There're no real technical means to deter me from doing this, save for a full-blown code security audit - and even that won't necessarily find the hole - I know pretty well how such audits are done and will, of course, take necessary precautions.

      But of course I'll never do such a thing - my professional ethics and self-esteem do not allow for such behavior. But I know of several less scrupulous fellows who now make quite a decent living by leaving such backdoors in the systems they develop.
    • Yikes

      Yes scary. But with checks and balances you can at least require the collusion of more than one person to pull off this type of crime.

      When does organized crime get into this? They could *Hire* people to put back doors in ATM software or whatever.
      • Non-negotiable audit trails....

        are required to prevent this. Immutable or tamper resistant auditing of all system users, including the system admin and CSO would mean that no one could get away with this. The audit logs could even be scrutinized by a bonded 3rd party if necessary, at an off-site location unknown to staff if desired.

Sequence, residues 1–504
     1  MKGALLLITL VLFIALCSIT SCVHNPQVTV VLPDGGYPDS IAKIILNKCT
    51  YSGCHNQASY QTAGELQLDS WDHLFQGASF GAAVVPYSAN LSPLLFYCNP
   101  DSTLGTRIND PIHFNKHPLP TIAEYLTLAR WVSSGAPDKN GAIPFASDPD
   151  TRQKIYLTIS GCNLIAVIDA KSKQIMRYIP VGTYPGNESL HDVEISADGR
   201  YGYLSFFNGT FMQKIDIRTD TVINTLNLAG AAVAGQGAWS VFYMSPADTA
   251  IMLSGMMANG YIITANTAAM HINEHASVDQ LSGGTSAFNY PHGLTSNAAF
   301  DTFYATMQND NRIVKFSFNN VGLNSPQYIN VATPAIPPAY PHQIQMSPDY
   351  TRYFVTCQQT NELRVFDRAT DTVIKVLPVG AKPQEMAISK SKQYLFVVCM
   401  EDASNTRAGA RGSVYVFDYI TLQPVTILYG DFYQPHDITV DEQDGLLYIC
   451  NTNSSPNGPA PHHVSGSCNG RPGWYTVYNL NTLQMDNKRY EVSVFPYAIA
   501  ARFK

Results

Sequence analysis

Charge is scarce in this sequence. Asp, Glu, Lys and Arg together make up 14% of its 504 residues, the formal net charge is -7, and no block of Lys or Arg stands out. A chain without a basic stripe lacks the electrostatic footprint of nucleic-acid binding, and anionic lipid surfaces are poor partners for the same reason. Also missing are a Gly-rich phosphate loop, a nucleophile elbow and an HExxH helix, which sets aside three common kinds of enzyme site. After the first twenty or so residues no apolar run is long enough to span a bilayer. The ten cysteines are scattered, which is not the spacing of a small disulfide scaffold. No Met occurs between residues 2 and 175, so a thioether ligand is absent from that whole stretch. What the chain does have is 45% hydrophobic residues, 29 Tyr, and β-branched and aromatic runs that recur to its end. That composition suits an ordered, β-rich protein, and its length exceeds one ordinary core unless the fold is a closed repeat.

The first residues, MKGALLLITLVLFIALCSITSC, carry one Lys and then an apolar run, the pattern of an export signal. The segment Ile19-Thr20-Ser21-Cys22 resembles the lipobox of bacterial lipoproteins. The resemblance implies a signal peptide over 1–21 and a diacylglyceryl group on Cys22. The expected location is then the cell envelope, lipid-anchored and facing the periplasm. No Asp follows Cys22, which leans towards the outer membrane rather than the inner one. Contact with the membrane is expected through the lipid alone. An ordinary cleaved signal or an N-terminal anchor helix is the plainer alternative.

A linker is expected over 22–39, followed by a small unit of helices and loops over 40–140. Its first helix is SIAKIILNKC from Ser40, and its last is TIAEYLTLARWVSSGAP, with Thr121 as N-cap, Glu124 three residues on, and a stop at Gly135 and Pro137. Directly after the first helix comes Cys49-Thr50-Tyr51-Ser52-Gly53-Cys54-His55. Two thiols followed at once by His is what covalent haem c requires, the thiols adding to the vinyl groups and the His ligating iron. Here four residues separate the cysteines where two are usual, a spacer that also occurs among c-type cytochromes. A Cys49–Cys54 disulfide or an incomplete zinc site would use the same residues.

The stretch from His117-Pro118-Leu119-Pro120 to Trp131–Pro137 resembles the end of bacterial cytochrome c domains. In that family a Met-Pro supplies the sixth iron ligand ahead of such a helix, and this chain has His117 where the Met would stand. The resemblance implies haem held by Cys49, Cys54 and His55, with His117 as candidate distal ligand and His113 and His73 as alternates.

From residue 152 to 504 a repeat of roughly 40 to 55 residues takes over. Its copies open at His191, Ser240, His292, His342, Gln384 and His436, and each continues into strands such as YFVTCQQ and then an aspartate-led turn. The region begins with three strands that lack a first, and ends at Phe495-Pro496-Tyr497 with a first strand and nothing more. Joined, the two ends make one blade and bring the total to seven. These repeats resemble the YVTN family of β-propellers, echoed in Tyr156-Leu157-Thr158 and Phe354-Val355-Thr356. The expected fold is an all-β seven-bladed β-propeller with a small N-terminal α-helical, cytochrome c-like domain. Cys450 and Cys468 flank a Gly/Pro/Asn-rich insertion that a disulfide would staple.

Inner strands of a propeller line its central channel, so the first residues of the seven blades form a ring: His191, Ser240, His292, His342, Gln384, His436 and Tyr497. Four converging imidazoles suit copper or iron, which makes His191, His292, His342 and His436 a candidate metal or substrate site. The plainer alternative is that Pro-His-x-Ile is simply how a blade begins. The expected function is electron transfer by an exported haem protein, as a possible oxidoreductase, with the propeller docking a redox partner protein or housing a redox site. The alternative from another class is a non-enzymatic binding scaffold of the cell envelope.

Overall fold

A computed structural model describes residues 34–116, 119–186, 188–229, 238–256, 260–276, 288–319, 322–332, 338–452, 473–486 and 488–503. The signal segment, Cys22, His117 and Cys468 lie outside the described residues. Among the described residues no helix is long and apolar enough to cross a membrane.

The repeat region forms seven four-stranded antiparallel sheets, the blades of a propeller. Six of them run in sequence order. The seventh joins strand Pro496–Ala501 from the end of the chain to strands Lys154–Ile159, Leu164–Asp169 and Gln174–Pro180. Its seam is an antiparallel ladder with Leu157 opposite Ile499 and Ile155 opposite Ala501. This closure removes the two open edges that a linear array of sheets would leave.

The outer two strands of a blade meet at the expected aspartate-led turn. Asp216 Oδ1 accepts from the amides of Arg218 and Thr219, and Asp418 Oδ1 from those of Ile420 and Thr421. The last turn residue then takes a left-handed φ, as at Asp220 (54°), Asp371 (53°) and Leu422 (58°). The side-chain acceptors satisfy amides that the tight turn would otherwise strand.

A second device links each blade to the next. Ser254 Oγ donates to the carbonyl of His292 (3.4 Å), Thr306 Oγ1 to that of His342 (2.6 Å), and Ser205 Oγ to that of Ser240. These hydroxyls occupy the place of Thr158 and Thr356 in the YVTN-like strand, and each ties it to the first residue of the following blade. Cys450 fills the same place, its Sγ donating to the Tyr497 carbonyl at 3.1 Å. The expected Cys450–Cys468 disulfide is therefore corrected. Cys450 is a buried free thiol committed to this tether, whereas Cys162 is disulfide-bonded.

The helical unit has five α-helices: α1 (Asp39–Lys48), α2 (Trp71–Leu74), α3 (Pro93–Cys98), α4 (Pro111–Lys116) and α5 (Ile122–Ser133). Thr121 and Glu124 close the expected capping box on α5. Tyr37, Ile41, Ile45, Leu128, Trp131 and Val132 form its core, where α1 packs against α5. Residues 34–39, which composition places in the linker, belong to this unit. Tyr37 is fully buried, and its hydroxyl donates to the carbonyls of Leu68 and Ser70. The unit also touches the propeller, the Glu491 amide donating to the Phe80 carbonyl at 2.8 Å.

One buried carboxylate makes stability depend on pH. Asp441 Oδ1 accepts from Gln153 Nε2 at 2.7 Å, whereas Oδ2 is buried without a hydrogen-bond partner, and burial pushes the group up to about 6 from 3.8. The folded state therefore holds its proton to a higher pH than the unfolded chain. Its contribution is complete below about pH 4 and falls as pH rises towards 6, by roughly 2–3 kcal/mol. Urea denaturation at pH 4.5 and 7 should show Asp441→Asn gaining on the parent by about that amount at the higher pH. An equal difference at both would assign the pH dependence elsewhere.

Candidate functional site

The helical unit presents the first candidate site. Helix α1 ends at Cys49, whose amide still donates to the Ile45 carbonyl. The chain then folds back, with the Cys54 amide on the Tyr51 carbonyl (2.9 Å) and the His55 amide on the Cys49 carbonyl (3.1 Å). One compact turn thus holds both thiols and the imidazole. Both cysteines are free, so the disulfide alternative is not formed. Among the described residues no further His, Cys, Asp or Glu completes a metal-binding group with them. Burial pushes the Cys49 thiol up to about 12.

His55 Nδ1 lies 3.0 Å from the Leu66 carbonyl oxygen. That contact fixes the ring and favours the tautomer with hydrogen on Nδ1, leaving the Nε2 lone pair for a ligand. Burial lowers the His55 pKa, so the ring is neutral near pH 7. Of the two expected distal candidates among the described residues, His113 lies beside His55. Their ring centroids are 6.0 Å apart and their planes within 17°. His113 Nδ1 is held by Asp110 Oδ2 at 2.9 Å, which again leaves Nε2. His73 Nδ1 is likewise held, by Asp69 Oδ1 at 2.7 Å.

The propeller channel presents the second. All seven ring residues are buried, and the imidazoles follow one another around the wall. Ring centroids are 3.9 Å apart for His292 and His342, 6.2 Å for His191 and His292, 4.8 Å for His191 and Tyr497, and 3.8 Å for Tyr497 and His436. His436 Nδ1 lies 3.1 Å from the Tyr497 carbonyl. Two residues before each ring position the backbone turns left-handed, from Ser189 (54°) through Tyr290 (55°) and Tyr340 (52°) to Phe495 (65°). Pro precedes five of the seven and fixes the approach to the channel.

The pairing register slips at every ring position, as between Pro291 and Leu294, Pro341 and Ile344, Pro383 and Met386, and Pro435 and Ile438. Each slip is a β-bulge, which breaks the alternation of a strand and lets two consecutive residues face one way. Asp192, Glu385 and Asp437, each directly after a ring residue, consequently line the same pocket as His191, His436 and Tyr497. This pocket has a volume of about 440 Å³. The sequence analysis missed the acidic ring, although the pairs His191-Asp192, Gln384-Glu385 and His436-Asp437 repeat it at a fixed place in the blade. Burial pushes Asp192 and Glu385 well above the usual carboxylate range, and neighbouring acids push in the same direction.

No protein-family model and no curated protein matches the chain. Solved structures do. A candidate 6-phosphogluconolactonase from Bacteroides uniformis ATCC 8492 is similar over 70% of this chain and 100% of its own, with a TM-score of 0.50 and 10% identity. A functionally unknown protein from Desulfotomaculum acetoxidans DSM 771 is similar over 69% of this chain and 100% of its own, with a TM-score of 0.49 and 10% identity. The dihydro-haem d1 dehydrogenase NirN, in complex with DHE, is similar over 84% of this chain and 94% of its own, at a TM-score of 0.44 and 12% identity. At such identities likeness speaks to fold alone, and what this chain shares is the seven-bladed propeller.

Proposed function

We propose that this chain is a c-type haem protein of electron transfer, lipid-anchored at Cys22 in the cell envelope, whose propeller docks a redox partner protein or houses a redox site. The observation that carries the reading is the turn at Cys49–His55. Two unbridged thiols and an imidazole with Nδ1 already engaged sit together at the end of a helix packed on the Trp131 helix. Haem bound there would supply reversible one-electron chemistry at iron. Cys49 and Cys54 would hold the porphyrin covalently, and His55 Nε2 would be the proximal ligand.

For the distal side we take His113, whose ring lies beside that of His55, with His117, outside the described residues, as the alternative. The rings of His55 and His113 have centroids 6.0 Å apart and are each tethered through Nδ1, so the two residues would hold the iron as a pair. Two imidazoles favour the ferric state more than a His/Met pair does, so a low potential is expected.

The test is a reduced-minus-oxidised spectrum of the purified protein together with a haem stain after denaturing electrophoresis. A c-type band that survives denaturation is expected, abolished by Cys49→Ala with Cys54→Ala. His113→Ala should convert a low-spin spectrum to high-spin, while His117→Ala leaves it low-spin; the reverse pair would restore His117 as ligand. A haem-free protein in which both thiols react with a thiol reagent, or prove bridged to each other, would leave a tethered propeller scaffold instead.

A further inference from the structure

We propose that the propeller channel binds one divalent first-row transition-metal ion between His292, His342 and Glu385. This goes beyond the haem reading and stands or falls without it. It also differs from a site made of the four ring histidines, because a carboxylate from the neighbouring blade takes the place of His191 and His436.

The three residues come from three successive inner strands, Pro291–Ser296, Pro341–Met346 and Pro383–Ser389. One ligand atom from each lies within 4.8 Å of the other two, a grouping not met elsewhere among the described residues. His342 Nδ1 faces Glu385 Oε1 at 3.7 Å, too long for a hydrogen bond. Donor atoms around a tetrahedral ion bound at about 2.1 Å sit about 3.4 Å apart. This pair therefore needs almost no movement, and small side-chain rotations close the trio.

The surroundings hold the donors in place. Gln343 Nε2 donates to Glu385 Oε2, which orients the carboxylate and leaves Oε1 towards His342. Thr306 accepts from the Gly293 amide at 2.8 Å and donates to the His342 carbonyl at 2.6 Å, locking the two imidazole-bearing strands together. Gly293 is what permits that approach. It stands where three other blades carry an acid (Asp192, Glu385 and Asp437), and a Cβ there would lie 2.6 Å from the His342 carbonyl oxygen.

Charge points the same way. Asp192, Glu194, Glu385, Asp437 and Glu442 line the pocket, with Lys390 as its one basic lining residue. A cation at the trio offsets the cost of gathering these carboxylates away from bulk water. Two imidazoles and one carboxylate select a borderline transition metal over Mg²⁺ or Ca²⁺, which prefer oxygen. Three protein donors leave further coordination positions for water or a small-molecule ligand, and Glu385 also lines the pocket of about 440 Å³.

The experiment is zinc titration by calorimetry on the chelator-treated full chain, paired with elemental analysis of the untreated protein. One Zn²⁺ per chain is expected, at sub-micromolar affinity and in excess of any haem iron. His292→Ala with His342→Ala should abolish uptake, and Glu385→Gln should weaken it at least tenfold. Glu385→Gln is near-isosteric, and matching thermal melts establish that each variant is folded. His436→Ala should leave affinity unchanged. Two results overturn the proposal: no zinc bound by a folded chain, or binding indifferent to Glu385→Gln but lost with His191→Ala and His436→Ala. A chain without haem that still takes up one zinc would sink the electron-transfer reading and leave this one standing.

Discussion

• Also....

          Forgot to add that user centric security should be added to the mix as well so that all unauthorized access or use or resources is easily traced and identified. If you are not on the white list, you don't get access, period, making it impossible for organized crime or anyone else to leave backdoors.
  • Not just fraud, retribution

    A few years back when we had a "black monday," one of the IT folks that thought he might be let go took a peek at the HR manager's user directory.
    When he found his name on the "bye-bye" list, he opened up permissions to the directory to all employees as a goodbye present to the company.
    The surprise tap on the back wasn't such a surprise to a lot of people.
  • You need proof and a white knight in a bullet proof vest

    to begin with. Organizations have worked together for years, long before computers, to take advantage of situations and continue to be successful as long as they don't get too greedy. Greed is the downfall of the professional. What is needed is an organization of savy "white knights" that can be trusted with our well being. Sort of like revenoors during prohibition only we need trusted nerd "revenoors". Computer traffic cops; good guy traffic cops.